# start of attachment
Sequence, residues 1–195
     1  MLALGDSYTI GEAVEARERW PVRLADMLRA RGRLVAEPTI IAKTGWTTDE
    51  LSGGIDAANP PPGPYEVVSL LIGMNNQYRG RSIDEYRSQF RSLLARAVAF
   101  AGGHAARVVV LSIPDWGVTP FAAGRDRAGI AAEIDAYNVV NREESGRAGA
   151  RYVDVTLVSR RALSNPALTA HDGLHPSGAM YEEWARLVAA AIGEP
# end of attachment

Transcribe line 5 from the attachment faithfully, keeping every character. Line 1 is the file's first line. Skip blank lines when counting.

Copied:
   151  RYVDVTLVSR RALSNPALTA HDGLHPSGAM YEEWARLVAA AIGEP